Political correctness at TSA checkpoints doesn’t fly

tsaThere is a crisis in airport security on both sides of the Atlantic.

In the United States, the Department of Homeland Security argued with the airline industry over whose fees were more responsible for the insanely long lines at TSA checkpoints. DHS Secretary Jeh Johnson called on the airlines to drop their fees for checked baggage this summer so flyers would bring fewer carry-on bags. The airlines said the TSA should drop its $85 fee to sign up for the speedier TSA PreCheck program.

In Europe, terrorism appears to have claimed an EgyptAir A320 that took off from Charles de Gaulle airport near Paris and vanished from radar over the Mediterranean Sea.

It’s likely that both the unreasonable delays at U.S. airports and the loss of the EgyptAir plane were caused by the same thing: the politically correct insistence that every passenger is equally likely to be a terrorist.

Since the 9/11 attacks, airport security has focused on two things: knowing who’s on the plane, and knowing what’s in the luggage.

The problem in the U.S. is caused by too much of the second, and the EgyptAir incident may have been caused by not enough of the first.

This spring, as thousands of Americans missed their flights due to TSA backups, the European parliament was still debating whether to allow the collection and sharing of airline reservation data by adopting a Passenger Name Record directive.

The Council of the European Union finally adopted the PNR in April. But the 28 member nations of the EU have two years to implement it. France had been planning to begin testing of the system this summer.

Why did Europe wait so long to start a PNR system? French Prime Minister Manuel Valls pressed hard for …

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CARTOON: Personal Data Protection

data cartoon

Oakland council to vote on surveillance camera limits

As reported by the San Francisco Chronicle:

The Oakland City Council will vote Tuesday on a set of rules to ensure that surveillance cameras at the Port of Oakland could not become — as was once planned across the city — an Orwellian spy system intruding on the privacy of people in and around the port.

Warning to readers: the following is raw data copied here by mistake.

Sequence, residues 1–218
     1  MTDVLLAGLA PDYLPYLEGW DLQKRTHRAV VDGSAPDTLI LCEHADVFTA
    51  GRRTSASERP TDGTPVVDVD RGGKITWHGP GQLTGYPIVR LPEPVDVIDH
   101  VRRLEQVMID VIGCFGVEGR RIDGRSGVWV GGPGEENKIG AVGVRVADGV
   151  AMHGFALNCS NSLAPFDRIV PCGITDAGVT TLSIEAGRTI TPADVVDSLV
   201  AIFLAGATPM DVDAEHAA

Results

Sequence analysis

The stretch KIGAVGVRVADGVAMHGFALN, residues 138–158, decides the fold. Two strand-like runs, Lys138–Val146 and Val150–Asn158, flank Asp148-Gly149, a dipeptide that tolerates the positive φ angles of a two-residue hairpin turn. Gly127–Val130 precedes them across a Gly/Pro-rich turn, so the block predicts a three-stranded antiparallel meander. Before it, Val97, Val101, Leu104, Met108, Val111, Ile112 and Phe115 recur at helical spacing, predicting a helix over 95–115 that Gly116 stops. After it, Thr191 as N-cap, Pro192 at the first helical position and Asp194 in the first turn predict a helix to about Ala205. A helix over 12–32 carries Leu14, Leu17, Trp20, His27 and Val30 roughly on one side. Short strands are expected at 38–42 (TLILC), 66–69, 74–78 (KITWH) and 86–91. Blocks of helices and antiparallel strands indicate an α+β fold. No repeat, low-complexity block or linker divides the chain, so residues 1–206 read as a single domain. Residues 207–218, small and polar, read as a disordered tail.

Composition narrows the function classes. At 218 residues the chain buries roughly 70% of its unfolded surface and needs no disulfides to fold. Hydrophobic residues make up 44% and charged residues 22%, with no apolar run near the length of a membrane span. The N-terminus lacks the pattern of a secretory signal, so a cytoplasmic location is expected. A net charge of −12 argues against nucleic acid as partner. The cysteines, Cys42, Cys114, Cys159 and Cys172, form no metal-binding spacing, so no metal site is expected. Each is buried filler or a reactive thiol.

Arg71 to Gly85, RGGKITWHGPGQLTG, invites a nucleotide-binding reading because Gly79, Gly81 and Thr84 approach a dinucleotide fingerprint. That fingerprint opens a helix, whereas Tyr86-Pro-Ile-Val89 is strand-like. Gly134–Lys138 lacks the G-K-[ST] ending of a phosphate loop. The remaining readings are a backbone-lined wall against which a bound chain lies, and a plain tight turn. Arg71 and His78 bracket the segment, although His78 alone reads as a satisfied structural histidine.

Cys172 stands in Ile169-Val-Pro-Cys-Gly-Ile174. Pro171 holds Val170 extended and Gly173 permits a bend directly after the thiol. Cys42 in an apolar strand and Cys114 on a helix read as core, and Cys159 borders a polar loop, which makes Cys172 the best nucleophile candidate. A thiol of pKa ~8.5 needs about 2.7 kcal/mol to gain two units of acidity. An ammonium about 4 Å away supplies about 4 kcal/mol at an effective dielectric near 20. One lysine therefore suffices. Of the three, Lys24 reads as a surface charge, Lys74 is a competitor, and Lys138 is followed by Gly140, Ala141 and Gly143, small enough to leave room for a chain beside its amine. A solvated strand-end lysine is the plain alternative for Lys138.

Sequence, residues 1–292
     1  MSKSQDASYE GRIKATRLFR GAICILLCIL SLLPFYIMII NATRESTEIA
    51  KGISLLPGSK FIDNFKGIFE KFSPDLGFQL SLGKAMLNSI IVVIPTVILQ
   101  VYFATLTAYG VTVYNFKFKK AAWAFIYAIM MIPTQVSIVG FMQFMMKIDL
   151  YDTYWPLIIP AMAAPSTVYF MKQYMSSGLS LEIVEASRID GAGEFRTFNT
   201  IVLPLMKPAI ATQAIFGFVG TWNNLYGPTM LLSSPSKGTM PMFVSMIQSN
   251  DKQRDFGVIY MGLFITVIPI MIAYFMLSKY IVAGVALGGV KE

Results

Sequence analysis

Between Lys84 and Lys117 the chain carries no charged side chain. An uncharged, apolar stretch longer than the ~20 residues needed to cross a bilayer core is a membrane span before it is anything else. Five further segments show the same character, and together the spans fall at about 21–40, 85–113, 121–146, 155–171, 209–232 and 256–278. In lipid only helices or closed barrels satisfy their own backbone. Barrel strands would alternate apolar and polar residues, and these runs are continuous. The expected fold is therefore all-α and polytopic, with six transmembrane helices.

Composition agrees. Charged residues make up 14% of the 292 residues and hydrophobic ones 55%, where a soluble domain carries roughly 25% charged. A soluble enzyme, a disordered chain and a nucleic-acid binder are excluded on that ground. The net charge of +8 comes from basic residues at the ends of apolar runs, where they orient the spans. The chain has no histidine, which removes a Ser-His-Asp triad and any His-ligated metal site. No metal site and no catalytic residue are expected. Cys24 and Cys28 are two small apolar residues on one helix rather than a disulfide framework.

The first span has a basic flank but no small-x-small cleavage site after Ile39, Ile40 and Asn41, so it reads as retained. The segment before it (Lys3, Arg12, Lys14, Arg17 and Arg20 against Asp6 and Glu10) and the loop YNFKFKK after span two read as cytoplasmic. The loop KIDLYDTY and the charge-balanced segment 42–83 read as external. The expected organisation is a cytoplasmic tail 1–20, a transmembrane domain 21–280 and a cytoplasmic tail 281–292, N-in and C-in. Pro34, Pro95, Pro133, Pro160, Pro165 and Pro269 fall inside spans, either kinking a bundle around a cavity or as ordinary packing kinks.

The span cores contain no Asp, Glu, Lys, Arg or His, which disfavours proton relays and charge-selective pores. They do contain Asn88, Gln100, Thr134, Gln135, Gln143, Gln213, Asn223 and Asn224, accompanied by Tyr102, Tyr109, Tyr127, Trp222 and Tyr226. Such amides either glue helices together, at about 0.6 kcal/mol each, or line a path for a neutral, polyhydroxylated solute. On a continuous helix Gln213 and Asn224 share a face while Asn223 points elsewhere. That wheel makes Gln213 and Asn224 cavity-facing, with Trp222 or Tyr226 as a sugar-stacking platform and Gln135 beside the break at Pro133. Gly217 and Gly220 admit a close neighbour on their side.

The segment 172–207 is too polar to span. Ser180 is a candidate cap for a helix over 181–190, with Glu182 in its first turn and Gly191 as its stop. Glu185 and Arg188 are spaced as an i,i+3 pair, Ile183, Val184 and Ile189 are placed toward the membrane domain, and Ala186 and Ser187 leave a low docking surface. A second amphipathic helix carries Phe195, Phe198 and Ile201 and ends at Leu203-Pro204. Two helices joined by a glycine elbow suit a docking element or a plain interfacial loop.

The camera network known as the Domain Awareness Center has been controversial since 2013, when it was envisioned as a way to help police and first responders keep watch over the entire city, aggregating footage from traffic cameras, license-plate readers and the city’s gunshot detection system, ShotSpotter, along with data from police records.

That idea was abandoned last year after activists disrupted and even shut down City Council meetings, accusing the city of trampling on their First Amendment rights. …

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Cellphone Surveillance Pursued by Silicon Valley Sheriffs

It’s not just the immense amount of information collected by such tech giants as Apple, Google and Facebook that is riling privacy advocates. Now the Santa Clara County Sheriff’s Department is seeking new cellphone surveillance technology — paid for by federal funds from the U.S. Department of Homeland Security.

With time running short on the availability of DHS grant money, and bipartisan support in the U.S. Congress for advancing new phone protections, critics accused Santa Clara County officials of haste and overreach.

Santa Clara County Sheriff Laurie Smith found herself at the center of the dispute, which revolves around her request to the county’s Board of Supervisors for a portable surveillance system commonly known as “Stingray” (pictured above).

According to Ars Technica, “The same company that exclusively manufacturers the Stingray — Florida-based Harris Corporation — has for years been selling government agencies an entire range of secretive mobile phone surveillance technologies from a catalogue that it conceals from the public on national security grounds.”